Pakistan Christians are heaving a huge sigh of relief as they got news that the Qur’an burning in Florida had been canceled at the last moment.
|Pakistani lawyers carry a burning US flag during a protest in Multan to denounce the plans to burn the Koran by Rev. Terry Jones
(Photo: AFP/GETTY IMAGES)
The Dove World Outreach Center in Gainesville, pastored by the Rev. Terry Jones, had prompted an international firestorm of condemnation for announcing it planned to burn the Koran (Qur’an), the most holy book in the Islamic faith, on September 11, 2010, the ninth anniversary of the attack on America.
But then, many in Pakistan (and other Islamic countries), were deeply relieved when it was called off on Friday, September 10, 2010, just before what could have caused the possible deaths of many believers in Islamic countries, including Pakistan.
Before the threat was called off, already violence had erupted in Pakistan and even concerned Pakistan believers joined in the protests.
On Thursday, August 9, 2010, a joint protest rally by Pakistani Muslims and Christians took place in Peshawar, the hotbed of Islamic extremism and insurgency,
|Sign outside the church before the Koran burning was cancelled|
Addressing to the rally a local Bishop said that Rev. Jones “would doom countless Christians in Pakistan.” He added that it would “further engulf Pakistan in religious extremism.”
In Karachi, during a protest rally led by Christian eminent elders and attended by women, children and young people, it was claimed that the Rev Terry Jones “heinous act” might lead the whole world into “a Third World War.”
One speaker said, “Moreover it is also against the teachings of Christianity.”
At Sheikhupura, an influential local politician said that said that the “US Pastor must be indicted.”
A federal analyst, Brigadier (Retired) Liaquat Toor, said that the Koran burning could “hugely cost the US forces as the fallout from the threat of burning the Koran (Qur’an) “might be too dangerous” and could “turn the whole world against USA.” He added that it “might be great setback to World Peace and US policies.”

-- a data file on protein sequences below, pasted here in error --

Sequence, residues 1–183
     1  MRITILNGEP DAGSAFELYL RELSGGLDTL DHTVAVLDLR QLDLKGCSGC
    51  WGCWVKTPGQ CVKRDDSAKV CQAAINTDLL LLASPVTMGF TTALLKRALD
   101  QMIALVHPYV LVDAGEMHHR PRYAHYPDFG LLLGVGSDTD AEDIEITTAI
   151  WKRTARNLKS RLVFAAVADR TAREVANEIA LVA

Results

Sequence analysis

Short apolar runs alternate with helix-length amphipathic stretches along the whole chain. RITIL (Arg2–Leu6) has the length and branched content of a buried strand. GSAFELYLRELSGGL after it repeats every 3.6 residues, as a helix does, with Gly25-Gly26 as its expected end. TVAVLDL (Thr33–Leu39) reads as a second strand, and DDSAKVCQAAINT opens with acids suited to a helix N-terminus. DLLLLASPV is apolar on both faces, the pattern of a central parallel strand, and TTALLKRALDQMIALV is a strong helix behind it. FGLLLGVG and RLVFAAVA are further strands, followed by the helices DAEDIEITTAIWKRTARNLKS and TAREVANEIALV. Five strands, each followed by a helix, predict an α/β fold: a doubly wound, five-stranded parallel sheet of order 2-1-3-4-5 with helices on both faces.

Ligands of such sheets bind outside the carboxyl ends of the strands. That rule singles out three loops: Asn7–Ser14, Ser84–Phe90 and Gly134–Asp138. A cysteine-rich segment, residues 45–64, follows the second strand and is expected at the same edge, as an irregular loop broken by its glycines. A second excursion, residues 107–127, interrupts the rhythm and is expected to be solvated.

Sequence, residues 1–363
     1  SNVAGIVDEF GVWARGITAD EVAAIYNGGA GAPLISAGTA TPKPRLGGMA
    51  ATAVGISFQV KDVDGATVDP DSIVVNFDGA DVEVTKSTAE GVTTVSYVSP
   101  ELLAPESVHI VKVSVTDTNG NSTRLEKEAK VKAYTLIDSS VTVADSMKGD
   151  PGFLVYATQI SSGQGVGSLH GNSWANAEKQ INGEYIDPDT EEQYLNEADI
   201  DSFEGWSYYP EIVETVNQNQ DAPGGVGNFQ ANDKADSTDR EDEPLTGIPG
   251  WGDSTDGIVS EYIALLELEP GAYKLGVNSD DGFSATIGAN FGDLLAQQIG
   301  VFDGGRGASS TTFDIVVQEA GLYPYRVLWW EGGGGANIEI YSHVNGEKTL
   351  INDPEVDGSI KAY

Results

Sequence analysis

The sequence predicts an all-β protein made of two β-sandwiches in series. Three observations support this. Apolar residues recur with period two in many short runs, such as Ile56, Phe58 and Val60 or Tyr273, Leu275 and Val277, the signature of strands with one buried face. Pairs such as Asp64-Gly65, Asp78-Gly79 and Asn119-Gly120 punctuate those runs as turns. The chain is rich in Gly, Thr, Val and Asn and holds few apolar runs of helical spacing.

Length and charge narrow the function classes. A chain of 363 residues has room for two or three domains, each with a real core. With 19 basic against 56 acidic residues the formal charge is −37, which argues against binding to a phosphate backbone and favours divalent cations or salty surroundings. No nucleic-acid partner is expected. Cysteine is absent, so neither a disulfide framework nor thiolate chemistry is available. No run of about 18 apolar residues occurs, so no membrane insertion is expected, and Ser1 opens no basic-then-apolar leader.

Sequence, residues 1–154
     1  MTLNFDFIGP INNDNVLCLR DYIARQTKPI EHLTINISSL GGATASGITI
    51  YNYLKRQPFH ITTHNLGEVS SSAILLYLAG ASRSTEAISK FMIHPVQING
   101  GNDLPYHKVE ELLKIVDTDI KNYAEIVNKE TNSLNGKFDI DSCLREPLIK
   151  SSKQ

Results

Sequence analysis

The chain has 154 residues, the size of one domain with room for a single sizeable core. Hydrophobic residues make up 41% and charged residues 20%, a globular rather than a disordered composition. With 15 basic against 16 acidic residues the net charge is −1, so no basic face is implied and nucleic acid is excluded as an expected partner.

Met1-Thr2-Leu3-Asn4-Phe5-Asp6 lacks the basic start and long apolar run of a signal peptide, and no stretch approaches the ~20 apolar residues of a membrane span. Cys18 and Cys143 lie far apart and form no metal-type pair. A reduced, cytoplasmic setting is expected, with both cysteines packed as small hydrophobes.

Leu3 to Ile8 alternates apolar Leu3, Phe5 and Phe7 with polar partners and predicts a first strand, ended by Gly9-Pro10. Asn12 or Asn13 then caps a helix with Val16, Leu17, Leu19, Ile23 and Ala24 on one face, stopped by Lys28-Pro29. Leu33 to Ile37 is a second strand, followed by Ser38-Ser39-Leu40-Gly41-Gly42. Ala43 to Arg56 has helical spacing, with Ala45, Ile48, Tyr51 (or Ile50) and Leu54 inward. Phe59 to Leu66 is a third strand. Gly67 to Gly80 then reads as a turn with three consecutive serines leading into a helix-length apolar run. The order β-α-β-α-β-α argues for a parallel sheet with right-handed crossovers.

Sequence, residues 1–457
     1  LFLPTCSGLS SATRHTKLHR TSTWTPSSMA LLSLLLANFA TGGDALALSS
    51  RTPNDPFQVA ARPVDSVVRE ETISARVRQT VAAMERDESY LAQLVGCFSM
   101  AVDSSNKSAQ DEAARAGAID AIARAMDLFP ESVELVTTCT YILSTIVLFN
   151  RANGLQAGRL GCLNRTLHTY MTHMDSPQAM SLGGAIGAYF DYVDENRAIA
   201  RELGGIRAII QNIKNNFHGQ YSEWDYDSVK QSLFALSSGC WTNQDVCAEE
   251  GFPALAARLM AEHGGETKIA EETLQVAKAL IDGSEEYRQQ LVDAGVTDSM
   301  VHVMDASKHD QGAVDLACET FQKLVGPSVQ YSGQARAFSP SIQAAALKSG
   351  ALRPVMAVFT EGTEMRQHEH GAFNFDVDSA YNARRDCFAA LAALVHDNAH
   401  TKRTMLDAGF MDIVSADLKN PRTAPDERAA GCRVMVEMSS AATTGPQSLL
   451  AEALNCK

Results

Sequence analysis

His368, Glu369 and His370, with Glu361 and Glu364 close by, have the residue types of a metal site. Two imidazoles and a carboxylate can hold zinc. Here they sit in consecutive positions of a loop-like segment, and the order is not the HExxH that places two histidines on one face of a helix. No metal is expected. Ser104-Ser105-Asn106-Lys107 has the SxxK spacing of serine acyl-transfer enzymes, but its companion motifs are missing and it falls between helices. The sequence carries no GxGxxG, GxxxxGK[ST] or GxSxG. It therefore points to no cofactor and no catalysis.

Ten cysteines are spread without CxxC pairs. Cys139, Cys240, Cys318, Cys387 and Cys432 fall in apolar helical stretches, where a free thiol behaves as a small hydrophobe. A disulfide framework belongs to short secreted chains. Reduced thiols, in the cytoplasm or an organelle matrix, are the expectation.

He also declared that the Rev. Terry Jones’ threat “would have endangered the minuscule Christian minorities living in predominantly Muslim states, particularly in Pakistan.”
As a reporter living in Pakistan, I can reveal that the Christian infrastructure here, including Churches and other institutions were under grave danger of being attacked by fundamentalist or bigoted Muslims if this burning had gone ahead in Gainesville.
|Afghans shout anti-U.S. slogans as they burn tires and block a highway during ongoing demonstrations (Photo: REUTERS)|
But fortunately, this has been averted by the last-minute decision not to go ahead with the event. But not before other protests also took place in nearby Afghanistan.
CBS 4, a local Gainesville TV station (http://cbs4.com) is now reporting that the church is apparently looking for a new home.
“It seems the church is unhappy it did not get more support from the city and its neighbors,” said the CBS 4 story.
“Wayne Sapp, associate pastor of the Dove World Outreach Center, said Pastor Terry Jones is disappointed and hopes to move the church before the year’s end. The Pentecostal church has about 50 members, after almost half the congregation abandoned the church over the Koran-burning incident.
“Despite the fact that the plan to burn the books was almost universally condemned in the US, by liberals and conservatives alike, Sapp blames liberals for the lack if support. Sapp called Gainesville an overly liberal area, “controlled by the university.”
“Jones canceled his September 11th event due to international pressure, but has refused requests by an evangelical association to ‘repent for his error’. The Pentecostal church has about 50 members, after almost half the congregation abandoned the church over the Koran-burning incident.”